Curved Horns – by Joe Balaz

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Wun voice in Steve’s head

asked him witout hesitation,


Who’s hungovah dis morning?”


He quickly answered,


“Not me

but I’m willing to learn.”



Dat tells you how da preceding night went

along wit da day before it


and so on and so on.



Give Steve da hair of da dog

or da wolf, or da tiger


dat bit him


cause realization

and recognition


sees da same damage

no mattah wat kine of teeth it wuz.



Let it be known

dat Sleve’s not picking fights


he’s just standing his ground.



It’s wun man-card violation


to ask foa your coffee

at wun certain temperature.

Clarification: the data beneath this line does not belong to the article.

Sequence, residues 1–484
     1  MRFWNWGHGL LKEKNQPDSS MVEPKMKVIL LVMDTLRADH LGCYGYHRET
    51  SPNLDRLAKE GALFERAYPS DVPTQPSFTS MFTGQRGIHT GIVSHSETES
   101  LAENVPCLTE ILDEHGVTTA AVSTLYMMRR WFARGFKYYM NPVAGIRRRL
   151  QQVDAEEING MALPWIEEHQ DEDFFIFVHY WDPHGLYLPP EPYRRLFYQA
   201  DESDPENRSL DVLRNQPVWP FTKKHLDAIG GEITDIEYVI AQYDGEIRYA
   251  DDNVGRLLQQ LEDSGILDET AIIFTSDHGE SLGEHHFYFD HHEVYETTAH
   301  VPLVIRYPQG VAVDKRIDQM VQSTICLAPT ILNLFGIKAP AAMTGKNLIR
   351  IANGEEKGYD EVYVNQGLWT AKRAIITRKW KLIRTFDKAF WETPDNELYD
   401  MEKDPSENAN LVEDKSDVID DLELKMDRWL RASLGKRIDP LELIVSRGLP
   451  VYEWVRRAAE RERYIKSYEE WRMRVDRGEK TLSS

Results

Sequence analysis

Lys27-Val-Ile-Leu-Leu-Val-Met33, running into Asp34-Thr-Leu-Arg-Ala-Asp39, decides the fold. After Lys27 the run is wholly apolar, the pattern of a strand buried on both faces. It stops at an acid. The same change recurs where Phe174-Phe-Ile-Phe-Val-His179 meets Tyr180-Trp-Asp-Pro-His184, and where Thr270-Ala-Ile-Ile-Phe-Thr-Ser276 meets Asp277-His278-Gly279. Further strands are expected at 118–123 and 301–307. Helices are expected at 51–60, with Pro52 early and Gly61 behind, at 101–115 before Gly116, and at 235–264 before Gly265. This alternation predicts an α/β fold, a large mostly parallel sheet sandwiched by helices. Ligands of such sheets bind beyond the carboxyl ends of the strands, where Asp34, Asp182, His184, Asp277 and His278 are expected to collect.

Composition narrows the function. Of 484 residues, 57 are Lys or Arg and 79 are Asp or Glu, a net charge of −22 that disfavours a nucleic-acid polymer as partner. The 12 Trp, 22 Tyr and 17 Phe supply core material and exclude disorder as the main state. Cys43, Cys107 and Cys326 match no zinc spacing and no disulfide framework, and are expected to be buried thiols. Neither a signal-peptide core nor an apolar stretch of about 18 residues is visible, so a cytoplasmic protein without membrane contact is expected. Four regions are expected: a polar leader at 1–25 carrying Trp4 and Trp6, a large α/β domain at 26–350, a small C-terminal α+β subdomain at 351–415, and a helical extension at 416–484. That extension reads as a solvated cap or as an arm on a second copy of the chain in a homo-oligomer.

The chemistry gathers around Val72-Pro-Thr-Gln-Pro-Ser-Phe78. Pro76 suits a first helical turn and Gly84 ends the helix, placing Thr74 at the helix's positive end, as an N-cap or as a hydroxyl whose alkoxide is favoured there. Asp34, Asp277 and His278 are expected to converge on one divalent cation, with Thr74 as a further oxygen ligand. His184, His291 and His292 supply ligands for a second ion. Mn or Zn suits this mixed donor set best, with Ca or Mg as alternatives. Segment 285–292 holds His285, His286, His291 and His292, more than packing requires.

Bad enough


dat da meticulous soon to be rival

wuz having wun prissy latte.



Dat alone


is not wat led to da physical clash.


Steve simply disagreed

wit wat da guy wuz saying


wen dey decided

to escalate dere altercation.



It’s not like

he wuz taking on wun daffodil eidah


cause Steve found out


dat dere wuz wun equal amount

of masculinity involved


in da simultaneous blitzkrieg.



Any bystander would have to admit


dat both of dem landed

wun good deal of punches.



Now you know

why rams have dose impressive curved horns.


Dey like to butt heads.


Joe Balaz writes in Hawaiian Islands Pidgin (Hawai’i Creole English) and in American-English.
He edited Ho’omanoa: An Anthology of Contemporary Hawaiian Literature.  Some of his
recent Pidgin writing has appeared in Rattle, Juked, Otoliths, and Hawai’i Review, among others.
Balaz is an avid supporter of Hawaiian Islands Pidgin writing in the expanding context of
World Literature.  He presently lives in Cleveland, Ohio.

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